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July 29, 2016

Rawhide

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Henry Hathaway - 1951
KL Studio Classics BD Region A

Darryl Zanuck must have loved Alfred Newman's rousing theme music for the film, Brigham Young. Not only was it used to open and close Yellow Sky, but was used once more, a few years later, for this film. On the plus side, the new blu-ray ports over the extras from the Fox DVD issued about nine years ago, supplements centered on Susan Hayward and location filming in Lone Pine, California.

A quartet of outlaws descends on a stagecoach station in Arizona, holding the two men who run the station, a female passenger and her infant girl, as prisoners, while waiting for a stagecoach with a gold shipment to come through. Any resemblance to the set-up of The Hateful Eight is overstated, although there are a couple of bits that Quentin Tarantino may have gleaned. Tyrone Power plays the apprentice to Edgar Buchanan's station master. Susan Hayward is the passenger with the little girl. The outlaw gang includes Hugh Marlowe, Jack Elam, Dean Jagger and George Tobias. Part of the plot is propelled by false assumptions. Hayward is first thought to be a single, unmarried mother. Marlowe introduces himself to Power as a deputy. Marlowe assumes that Hayward is married to Power. It also turns out that the four outlaws are not a gang, but three convicts who took advantage of being at the right place at the right time when Marlowe escaped prison, with tensions between the four men.

Dudley Nichols' scripts usually have some bit of subversiveness going on. The screenplay was reportedly rewritten at Darryl Zanuck's request to be tailored to Susan Hayward's screen persona as the feisty redhead. The most interesting character, though, is Jack Elam's increasingly psychopathic outlaw. One of his earliest credited roles, Elam here is lean, mean, with his goggly-eyed stare and snaggletooth grin. Elam came in when shooting began, replacing Everett Sloane due to Sloane's roughness when tackling Hayward in one scene. It's hard to imaging what Sloane might have done with that role, but Elam's projection of menace, coupled with his obvious glee being as bad as he wants to be, keeps the film from being routine. It might also be less than coincidental that a few years earlier, Hathaway shocked audiences with Richard Widmark's cackling villain in Kiss of Death.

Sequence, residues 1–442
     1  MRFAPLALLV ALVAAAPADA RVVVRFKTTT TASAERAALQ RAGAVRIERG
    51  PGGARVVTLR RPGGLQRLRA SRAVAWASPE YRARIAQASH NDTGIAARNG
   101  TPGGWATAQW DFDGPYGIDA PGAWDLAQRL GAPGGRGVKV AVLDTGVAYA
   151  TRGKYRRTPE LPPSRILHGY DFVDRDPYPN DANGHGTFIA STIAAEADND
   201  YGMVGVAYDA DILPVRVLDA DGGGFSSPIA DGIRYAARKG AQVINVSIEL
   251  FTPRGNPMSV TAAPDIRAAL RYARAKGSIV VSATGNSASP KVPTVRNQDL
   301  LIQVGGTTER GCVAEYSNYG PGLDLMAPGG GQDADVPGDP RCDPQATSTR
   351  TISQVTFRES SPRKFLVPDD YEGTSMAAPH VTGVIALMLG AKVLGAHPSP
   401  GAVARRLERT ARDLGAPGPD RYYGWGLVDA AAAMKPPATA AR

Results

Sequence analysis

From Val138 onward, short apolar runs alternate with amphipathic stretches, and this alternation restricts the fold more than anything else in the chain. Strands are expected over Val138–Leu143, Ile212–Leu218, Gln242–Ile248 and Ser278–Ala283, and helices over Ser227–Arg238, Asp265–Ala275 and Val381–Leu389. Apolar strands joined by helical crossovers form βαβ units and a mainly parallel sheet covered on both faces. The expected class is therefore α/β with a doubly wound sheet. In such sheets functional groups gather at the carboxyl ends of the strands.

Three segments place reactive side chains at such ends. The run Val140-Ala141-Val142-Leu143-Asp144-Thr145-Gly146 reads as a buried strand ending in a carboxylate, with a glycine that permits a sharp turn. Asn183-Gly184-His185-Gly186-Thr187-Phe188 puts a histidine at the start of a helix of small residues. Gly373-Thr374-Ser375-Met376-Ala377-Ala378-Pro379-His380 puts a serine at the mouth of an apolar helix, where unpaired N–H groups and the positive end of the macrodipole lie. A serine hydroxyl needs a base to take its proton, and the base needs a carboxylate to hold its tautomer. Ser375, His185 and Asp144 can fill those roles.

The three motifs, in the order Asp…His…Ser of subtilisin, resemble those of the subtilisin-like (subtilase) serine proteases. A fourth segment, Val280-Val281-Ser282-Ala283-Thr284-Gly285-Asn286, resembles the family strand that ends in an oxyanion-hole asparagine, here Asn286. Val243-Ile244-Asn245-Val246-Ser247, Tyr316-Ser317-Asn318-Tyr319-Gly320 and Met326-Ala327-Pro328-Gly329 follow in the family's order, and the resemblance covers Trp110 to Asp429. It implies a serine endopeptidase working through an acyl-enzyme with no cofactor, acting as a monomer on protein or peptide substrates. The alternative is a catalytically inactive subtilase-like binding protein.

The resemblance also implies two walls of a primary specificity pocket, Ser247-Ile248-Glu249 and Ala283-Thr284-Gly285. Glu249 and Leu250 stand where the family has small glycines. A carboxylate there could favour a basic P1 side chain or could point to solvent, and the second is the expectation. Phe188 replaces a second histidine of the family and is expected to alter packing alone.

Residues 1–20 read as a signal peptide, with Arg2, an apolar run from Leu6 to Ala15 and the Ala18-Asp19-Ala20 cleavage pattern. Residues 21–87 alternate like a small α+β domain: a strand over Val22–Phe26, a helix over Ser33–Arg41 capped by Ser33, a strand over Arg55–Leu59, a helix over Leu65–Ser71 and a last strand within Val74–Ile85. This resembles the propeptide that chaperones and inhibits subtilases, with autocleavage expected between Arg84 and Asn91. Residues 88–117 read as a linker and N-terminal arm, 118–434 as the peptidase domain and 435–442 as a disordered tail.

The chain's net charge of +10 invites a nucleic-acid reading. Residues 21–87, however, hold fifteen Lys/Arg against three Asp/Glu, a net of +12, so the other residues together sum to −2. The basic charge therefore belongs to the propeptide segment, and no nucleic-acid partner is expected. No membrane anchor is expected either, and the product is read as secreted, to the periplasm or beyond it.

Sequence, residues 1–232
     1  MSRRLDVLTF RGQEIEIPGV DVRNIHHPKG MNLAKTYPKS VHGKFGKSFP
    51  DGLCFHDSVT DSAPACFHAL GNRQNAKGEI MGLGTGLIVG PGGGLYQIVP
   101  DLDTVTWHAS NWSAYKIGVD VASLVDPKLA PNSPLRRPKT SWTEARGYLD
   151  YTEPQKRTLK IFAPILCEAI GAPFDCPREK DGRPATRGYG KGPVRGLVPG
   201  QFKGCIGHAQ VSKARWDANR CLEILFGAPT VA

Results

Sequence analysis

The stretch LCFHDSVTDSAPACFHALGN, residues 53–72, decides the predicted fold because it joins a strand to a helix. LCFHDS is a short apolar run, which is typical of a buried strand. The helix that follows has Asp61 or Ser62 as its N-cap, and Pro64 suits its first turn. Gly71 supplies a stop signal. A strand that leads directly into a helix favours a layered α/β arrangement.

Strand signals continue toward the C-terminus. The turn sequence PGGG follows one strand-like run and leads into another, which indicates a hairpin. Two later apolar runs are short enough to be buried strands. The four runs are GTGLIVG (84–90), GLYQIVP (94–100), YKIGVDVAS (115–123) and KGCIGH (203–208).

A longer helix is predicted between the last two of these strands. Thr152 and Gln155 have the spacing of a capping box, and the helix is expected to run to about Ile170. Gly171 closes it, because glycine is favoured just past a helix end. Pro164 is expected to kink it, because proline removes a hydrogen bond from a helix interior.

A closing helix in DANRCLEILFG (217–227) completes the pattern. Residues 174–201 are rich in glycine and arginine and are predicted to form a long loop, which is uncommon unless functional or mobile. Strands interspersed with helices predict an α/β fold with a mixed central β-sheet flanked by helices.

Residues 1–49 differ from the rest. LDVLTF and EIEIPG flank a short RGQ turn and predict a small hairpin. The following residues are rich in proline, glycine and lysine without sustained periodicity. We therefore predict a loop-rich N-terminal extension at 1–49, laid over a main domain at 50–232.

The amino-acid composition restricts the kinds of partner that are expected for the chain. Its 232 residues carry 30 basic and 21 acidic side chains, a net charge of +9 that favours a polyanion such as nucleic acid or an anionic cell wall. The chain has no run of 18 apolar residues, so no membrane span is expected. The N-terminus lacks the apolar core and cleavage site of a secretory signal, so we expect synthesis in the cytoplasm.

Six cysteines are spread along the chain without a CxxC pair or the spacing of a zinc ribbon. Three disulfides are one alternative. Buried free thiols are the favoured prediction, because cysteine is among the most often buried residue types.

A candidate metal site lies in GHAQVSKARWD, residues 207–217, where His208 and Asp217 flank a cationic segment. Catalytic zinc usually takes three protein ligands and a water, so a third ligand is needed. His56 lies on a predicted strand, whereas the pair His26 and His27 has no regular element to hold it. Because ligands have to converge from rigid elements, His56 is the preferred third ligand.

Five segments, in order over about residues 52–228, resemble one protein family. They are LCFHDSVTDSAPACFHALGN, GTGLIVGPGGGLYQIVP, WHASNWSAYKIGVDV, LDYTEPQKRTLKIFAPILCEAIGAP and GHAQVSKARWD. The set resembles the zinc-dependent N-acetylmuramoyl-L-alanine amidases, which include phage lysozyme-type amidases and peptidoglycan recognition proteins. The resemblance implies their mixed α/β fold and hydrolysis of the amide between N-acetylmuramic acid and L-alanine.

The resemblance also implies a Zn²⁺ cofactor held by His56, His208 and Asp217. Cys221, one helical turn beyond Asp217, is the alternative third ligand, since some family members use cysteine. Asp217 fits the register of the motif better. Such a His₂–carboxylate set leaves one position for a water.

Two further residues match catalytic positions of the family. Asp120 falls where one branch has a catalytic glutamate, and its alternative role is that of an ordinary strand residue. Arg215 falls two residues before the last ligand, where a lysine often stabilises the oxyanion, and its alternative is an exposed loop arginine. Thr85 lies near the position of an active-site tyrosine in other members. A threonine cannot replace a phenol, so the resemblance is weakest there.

What also struck me is that while Henry Hathaway is not discussed as a visual stylist, so many of the shots involve depth of field. We're not talking Citizen Kane here, but frequently the shots are composed to emphasize the space between people, whether within the main room of the stagecoach station, or inside Power's bedroom. The few exteriors stress the remote location of the station, suggesting infinite space beyond the surrounding desert and mountains. One striking shot is of Marlowe sitting in the main room's dining table, looking up at a mirror that is reflecting Elam standing in the station entrance.

The supplements are primarily centered on the making of Rawhide, reviewing how the film was instrumental in making Susan Hayward a major star in the Fifties, as well as providing information on what went on during the production of the film while on location.

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Posted by peter at July 29, 2016 01:04 PM